Scenes from the Ground: Mosaics and Sculptures
September 4 through September 30, 2018
Reception - Friday, Sept.7, 4-7 p.m.
Joy and detail are inherent to the mosaic process of Laura Robbins and are evident in her incomparable artwork. Her creations are one-of-a-kind, where she combines cut, fused and cast glass pieces, ceramics, wood and found objects such as old tools and rusty metal artifacts into colorful mosaics and sculptures. Robbins’ early love for art was inspired by her father’s appreciation of relief and textured art surfaces -- still influencing her work today.
Robbins is the featured artist at Wild Hearts Gallery in September. The public is invited to the opening reception on Friday, September 7 from 4:00 to 7:00 p.m. Light refreshments will be served.
“Scenes from the Ground” is about connection and remembrance. Many of the pieces used in this series were found and gathered during walks. The works create a kind of homage to forgotten beauty when she uses discarded and rusted items, old tools and found metal and wood scraps. Seeds and Water are also honored. The artwork is part of the story of these objects as they return to the earth.
“Whether abstract or fanciful, dreamlike or representational, all of my images are visual metaphors. Although many of my commissioned mosaic installations are fanciful natural scenes of landscape and animals, this series recognizes the beauty of aging.”
Robbins’ mosaic art can be seen at the Albuquerque Zoo and the Albuquerque Botanic Garden’s Dragonfly Sanctuary. Her work can also be seen locally at four Range Cafes, Rust Medical Center Chapel and other businesses, schools and developments in N.M. She co-directed the local, seventy-foot long Placitas Community Mosaic mural, Protect Our Wildlife Corridors and is a founding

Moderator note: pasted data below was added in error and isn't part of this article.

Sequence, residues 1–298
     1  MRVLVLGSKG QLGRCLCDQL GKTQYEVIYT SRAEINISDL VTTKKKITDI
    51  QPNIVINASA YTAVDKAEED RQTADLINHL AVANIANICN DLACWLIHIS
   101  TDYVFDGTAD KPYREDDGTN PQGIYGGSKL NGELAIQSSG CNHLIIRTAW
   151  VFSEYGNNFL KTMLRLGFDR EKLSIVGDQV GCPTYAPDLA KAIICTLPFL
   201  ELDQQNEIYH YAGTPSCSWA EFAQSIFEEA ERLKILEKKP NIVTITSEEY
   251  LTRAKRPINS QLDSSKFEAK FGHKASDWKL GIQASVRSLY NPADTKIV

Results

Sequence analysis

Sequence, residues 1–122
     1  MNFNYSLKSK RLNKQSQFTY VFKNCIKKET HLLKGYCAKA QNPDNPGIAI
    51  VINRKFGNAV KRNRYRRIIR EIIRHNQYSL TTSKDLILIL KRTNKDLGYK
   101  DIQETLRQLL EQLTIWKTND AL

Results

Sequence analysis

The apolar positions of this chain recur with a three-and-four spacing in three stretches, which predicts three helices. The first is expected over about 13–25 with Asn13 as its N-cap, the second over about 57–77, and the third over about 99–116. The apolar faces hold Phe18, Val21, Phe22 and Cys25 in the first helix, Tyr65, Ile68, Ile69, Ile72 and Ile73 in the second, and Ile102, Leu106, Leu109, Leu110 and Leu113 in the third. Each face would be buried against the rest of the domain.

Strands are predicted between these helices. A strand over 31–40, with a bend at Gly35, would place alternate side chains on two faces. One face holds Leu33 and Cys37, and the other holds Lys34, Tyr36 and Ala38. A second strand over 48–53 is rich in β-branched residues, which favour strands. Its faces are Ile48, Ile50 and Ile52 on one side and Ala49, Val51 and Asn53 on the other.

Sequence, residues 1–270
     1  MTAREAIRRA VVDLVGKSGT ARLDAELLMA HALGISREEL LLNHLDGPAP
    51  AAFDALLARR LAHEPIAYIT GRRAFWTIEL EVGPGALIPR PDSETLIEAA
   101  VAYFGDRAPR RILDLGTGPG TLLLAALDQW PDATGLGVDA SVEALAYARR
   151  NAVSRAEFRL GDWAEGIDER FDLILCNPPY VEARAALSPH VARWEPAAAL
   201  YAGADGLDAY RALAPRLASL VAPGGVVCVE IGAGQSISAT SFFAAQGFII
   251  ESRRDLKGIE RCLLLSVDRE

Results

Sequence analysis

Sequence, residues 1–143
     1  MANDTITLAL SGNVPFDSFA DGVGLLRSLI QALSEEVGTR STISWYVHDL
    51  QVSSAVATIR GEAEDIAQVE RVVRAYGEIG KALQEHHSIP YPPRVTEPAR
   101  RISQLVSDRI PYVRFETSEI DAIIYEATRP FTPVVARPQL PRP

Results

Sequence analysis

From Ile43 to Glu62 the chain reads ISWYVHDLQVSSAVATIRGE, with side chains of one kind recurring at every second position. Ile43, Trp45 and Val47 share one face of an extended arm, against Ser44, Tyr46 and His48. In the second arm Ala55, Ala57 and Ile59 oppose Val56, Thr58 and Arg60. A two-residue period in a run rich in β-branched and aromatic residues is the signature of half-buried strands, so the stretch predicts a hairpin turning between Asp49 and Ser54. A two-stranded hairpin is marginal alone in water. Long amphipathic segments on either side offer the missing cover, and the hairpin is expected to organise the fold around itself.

member of Mosaic New Mexico, a collaborative of mosaic artists.
Bugs and Bunny: Art Enabled by Honey Bees, Moths and Boring Beetles
Dorothy Bunny Bowen
October 2 through November 4, 2018
Opening Reception — Saturday, Oct. 13, 1–4 p.m.
It’s a symbiotic relationship. Insects just do what they have always done: the silk moths make silk, bees make beeswax, and boring beetles make holes in wood. But when Bunny Bowen uses these natural materials creatively, they add a unique quality to her body of work. Throughout the past seven decades, Bowen has relied upon insects to create incredibly innovative work including Japanese rozome on kimono silk, oil painting with the addition of beeswax and solvent and sculptures that have been started with the help of boring beetles.
Bowen is the featured artist at Wild Hearts Gallery with her exhibition running from Oct. 2 through Nov. 4. The public is invited to the opening reception on Saturday, Oct. 13 from 1:00–4:00 p.m. Light refreshments will be served. Wild Hearts Gallery is located in Placitas, at the Homestead Village, 221-B State Highway 165, 2 ½ miles from I-25.
“Bugs and Bunny” is about the artist’s lifelong relationship with insects as art enablers. One of the pieces in the show includes cochineal applied as a pigment. While doing research for the Museum of International Folk Art in Santa Fe in the early 1970’s, Bowen studied textiles dyed with rich red hues of cochineal. Bowen’s medium of choice since 1999 has been Japanese rozome on silk, a fiber produced for millennia by the larva of the silk moth. Recently she has returned to her original medium of oil painting, but this time she includes her honeybee collaborators by mixing beeswax and a solvent with the oil paint to form a rich impasto that can be applied with a palette knife and manipulated with other tools. Cypress bark beetles provide interesting channels in juniper wood Bowen finds in her yard which she finishes as hangers to display her silks. “Now, after nearly seven decades as an artist, I realize that much of my body of art has relied on media produced by insects. These pieces are offered in tribute to them and to give thanks for their presence in this world.”
(Silkmoth with Cocoon, Rozome on kimono silk)